That is despite support from the Kansas chapter of Americans for Prosperity, the prominent national conservative group backed by the Koch family, which has argued that reducing prison sentences saves money and fits in with fiscal conservatism.
This didn't stop pushback from law enforcement, who believed that drug offenses can often be a gateway to other offenses. Greg Smith, a special deputy in Johnson County, took umbrage with the notion that drug crimes are "victimless."
"Entering a treatment program does not guarantee success," Smith told legislators in February. "The person in the program must want treatment for it to succeed."
Other items to address substance abuse move forward
It is not the only effort being considered to help boost substance abuse options.
There have been various proposals, bolstered by recommendations from the criminal justice reform commission, to expand substance abuse treatment options within state correctional facilities.
That includes a proposal in Gov. Laura Kelly's budget to spend $13.3 million to renovate two state prisons, including the addition of a 200-bed treatment facility at Lansing Correctional Facility to treat addiction.
But reformers also want to concentrate on getting individuals into treatment on the outside.
That's the genesis for a separate piece of legislation, which would allow drug treatment as an option for pre-trial diversion. It would mean individuals could get treatment as part of a deal to avoid prosecution.
This piece of legislation has had greater success — it passed the House last month and moved through a Senate committee earlier this week.
Patrick Armstrong, a project manager for the Council of State Government who has worked on criminal justice issues in Kansas, said that this can help avoid having to pay for individuals to get treatment while incarcerated, which is a more desirable outcome.
"From our perspective, it is more effective when you're not also paying for the expensive prison bed and you can do it in the community for a lower price," Armstrong said.
Skepticism remains — despite COVID-19
Still, the boldest reform proposals still engender some skepticism from many legislators.
Many thought COVID-19 would make a sweeping case for taking more aggressive action in curbing the state's prison population.
That has weighed heavily on individuals like Jordan Flowers, who was moved to Topeka Correctional Facility in October. After weeks of quarantining in a tent-like structure outside the prison, she eventually moved inside the facility, but social distancing remains impossible amid a major spike of cases within the state's only women's prison.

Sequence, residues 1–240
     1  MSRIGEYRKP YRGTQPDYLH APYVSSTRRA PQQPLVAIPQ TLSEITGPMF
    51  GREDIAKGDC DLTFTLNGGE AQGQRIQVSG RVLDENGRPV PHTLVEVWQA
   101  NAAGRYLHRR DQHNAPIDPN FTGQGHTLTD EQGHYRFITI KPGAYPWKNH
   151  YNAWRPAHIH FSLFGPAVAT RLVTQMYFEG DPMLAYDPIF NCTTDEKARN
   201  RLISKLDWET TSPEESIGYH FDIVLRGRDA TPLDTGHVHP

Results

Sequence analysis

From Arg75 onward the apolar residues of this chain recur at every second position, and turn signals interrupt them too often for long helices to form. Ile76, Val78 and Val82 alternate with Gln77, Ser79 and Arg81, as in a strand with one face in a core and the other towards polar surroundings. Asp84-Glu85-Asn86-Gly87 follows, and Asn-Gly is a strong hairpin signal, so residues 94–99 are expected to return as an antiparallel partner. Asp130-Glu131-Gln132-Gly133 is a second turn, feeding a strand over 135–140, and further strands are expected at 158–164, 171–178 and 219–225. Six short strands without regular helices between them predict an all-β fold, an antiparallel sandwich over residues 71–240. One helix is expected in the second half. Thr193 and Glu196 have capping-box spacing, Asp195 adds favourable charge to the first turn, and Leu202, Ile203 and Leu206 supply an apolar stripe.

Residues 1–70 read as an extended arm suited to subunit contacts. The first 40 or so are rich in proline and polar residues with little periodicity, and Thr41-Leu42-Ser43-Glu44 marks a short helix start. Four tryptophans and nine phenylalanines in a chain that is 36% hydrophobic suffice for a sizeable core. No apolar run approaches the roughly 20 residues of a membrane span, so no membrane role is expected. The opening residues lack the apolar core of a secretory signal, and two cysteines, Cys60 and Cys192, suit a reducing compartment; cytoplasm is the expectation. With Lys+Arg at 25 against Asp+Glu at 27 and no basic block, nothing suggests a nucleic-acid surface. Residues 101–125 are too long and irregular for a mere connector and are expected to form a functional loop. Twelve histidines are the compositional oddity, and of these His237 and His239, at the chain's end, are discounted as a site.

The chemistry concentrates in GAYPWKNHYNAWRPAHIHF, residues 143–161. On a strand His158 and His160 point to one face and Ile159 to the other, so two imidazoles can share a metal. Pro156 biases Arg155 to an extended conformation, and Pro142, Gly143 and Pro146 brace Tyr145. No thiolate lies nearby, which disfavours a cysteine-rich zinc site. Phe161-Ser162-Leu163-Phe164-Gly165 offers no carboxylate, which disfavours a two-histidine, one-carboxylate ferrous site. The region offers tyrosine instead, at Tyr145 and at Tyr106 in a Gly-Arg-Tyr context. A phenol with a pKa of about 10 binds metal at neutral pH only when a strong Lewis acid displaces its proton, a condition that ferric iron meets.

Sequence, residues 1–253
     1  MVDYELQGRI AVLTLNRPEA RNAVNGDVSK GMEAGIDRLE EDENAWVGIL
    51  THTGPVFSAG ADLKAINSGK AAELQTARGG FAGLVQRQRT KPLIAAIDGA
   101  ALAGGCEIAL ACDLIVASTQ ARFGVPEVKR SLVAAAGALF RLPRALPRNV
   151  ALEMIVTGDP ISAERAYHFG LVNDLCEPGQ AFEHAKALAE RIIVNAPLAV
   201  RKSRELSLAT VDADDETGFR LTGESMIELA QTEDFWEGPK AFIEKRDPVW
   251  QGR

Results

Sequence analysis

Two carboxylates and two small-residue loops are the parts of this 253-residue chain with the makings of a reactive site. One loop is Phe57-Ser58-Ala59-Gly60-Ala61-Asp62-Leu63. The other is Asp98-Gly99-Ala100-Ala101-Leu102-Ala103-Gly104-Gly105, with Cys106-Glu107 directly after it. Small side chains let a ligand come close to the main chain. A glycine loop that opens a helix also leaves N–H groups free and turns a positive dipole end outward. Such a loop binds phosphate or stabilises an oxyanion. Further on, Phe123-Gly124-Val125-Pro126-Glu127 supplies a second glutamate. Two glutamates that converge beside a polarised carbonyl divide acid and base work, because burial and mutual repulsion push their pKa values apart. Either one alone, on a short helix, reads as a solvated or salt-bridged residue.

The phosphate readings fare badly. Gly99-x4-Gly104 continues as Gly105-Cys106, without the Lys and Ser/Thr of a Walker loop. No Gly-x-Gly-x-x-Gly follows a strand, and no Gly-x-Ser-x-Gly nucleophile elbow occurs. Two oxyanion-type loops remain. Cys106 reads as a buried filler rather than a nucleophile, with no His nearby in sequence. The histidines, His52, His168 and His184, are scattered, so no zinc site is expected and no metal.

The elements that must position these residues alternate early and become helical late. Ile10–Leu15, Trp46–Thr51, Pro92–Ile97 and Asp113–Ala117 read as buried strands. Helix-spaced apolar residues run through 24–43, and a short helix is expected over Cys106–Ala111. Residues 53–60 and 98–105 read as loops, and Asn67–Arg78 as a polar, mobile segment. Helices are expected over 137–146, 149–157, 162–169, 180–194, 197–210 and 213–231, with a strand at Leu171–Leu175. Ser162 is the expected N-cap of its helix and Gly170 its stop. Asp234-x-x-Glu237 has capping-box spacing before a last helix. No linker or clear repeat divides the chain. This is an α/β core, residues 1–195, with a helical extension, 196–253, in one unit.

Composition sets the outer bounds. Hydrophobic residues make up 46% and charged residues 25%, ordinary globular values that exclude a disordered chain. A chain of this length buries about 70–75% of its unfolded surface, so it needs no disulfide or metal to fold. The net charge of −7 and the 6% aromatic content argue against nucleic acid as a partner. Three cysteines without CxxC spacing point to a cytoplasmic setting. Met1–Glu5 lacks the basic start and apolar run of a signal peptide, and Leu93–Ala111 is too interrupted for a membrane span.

But in some ways, the pandemic has put the issue out of sight and out of mind for lawmakers. The state routinely was running above capacity in its prisons before COVID-19, even sending individuals to a private prison in Arizona.
Now, prisons are running at 87% capacity, although Jennings said this is in large part due to the fact that the court system has not been able to sentence individuals as it normally does.
Even though the numbers seem to have improved, legislators said the underlying problems that have plagued the state's criminal justice system will not go away.
"We'll be in the same boat in five years that we were a year ago if nothing is done," Jennings said.
The hope is that the criminal justice reform elements that have moved, such as an expansion of specialty courts for those with mental health or drug problems, will open the door for larger reforms. Legislation is also well on its way to extend the commission's lifespan for another year, allowing it to probe more areas.
That would include reviewing an expansion of options serving as an alternative to prosecution. It is also might entail a more aggressive reduction in sentences for low-level drug crimes and even early release for some offenders.
Owens said he believed discussions in Kansas about criminal justice reform really only began in 2019. More time, he said, would be needed to see through the more aggressive proposals.
"In a state like Kansas that is so ingrained in its values, it is not something that is going to happen overnight," he said.
Mari Flowers is frustrated that the hardline mindset prevails, something that she says is especially prevalent in western Kansas.
"It was just a really bad experience here," she said. "It's almost like they just wanted them to fail."
In the meantime, her daughter sits at TCC for the foreseeable future.
While her mother sends books to her regularly, which are enthusiastically read and enjoyed, Jordan Flowers said she is skeptical of the substance abuse program at the prison. Unable to work in the prison due to the pandemic, the younger Flowers is left to sleep and clean her cell.
Her plea to legislators, via her mother? Do something, anything.
"'Have them look at this, and the time that they are sentencing,'" Mari Flowers said of her daughter's message.
"I just can't imagine having to sit there for six years and waste away," the elder Flowers continued. "You know, she's a very bright girl. She's got a lot going for her, for sure. She made a bad decision, a few bad decisions. But a lot of the time (in prison) is wasted."